Sunday, July 27, 2008

AppleScript Syntax: Some Depressing Examples

Let's expand on the previous post by looking at some examples of how discussion of syntax poisons discussion of AppleScript. Just to be clear, the examples are taken from blogs I like and read regularly; I'm sure there are many other examples, but I haven't gone out of my way to find these.

First, let's return to Daring Fireball. John Gruber recently wrote that
AppleScript, as a programming language, is a noble but failed experiment.
To support this, he links to an earlier article, The English-Likeness Monster, in part of which he makes the far more modest claim that AppleScript's English-like syntax is a failed experiment.

Well, which is it? Languages are more than their syntax. Reading the article doesn't clarify much. Gruber details how a bug he experienced was caused by a subtle name conflict in scripting dictionary terminology. He gives a cogent description of the semantics of name resolution in AppleScript, showing how the name resolution semantics leads to the bug he experienced. However, buried within is a lengthy rant on AppleScript's syntax. It looks like, and is identified as, a digression (well, it is called an "interpolation"—Gruber is a David Foster Wallace fan, as I recall), but gives the post its title. Just what is the intent?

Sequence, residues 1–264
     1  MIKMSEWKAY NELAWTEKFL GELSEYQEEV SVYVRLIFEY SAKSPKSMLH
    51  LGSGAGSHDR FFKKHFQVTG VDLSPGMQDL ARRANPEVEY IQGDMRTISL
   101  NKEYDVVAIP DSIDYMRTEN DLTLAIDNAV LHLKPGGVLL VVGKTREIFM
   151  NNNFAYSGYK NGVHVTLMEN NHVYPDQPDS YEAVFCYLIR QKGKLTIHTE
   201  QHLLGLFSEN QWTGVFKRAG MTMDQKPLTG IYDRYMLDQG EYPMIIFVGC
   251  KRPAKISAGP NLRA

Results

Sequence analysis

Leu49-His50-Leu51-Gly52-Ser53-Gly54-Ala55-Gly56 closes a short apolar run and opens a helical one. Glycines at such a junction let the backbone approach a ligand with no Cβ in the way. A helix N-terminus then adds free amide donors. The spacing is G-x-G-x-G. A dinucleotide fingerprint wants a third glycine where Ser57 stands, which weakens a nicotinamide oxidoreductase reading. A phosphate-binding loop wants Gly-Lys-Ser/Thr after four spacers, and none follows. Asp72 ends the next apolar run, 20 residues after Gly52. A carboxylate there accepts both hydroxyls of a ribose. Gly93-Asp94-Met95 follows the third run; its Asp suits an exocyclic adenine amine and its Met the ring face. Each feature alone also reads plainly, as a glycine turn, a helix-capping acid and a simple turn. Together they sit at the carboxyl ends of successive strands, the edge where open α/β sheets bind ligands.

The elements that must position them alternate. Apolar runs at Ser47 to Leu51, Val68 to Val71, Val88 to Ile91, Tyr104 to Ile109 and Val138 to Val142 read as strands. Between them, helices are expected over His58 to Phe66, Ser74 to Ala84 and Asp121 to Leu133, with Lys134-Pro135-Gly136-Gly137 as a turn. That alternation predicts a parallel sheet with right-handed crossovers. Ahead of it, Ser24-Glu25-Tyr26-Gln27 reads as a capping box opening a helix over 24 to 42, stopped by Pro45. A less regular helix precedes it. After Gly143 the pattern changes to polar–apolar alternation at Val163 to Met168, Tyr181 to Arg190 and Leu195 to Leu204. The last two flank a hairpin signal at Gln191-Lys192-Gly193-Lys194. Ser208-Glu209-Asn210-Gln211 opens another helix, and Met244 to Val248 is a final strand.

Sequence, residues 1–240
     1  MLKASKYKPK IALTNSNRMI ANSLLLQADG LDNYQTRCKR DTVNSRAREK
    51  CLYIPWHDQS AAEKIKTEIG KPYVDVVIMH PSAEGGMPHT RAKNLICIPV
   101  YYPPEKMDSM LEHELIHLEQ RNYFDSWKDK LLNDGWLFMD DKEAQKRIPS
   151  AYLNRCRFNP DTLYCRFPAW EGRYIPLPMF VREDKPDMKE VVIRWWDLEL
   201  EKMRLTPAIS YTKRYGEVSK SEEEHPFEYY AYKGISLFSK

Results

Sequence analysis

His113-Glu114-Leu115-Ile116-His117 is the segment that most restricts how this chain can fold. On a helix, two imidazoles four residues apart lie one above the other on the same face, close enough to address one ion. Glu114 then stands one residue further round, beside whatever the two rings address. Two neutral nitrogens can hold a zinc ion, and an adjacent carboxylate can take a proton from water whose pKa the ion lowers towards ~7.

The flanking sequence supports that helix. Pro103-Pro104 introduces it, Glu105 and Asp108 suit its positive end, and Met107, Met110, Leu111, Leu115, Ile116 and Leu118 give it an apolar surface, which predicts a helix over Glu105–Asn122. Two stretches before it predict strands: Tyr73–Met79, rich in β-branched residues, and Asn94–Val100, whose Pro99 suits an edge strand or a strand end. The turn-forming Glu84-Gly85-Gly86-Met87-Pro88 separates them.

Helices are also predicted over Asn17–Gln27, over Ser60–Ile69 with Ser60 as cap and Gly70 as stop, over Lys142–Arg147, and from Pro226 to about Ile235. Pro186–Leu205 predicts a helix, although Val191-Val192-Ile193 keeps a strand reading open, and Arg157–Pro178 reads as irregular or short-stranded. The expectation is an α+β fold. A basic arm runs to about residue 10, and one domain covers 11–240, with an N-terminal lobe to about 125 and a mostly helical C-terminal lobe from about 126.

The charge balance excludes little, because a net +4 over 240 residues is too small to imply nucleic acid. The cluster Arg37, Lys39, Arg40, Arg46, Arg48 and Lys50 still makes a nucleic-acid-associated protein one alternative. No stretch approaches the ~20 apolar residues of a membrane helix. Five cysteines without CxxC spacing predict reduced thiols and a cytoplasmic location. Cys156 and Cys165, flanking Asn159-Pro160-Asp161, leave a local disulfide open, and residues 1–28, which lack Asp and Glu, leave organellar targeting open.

Additionally, there is mention of Python and JavaScript as having clearer, if more abstract, syntax than AppleScript, which helps to prevent such problems. However, if you had AppleScript's syntax but Python's name resolution, you literally could not have the same error. There is a difference at a far deeper level than the syntax. To what extent are these articles supposed to be about syntax, semantics, surrounding tools, libraries (i.e., scripting additions),…?

As a second example, let's take a look at an interesting article from Daniel Jalkut's Red Sweater Blog, called Apple's Script. Jalkut makes what is essentially an economic argument that Apple should make JavaScript the default scripting language for the Mac, keeping AppleScript as an alternative point of access to the Open Scripting Architecture. His key point is that Apple is devoting significant resources to JavaScript, and will continue to do so for strategic reasons. Further, due to wide-spread experience with JavaScript, it is in practice easier for users, despite the supposed ease of use of AppleScript (aside: I dispute that AppleScript is easy to use).

Nothing in the article depends in any way on the syntax of AppleScript, but look through the responses! Several people bring up AppleScript syntax, both as a positive and as a negative. Once the issue of syntax appears, the discussion pretty much stays there. It's a shame, because I think that Jalkut's point was an interesting one, and really does warrant some thought.

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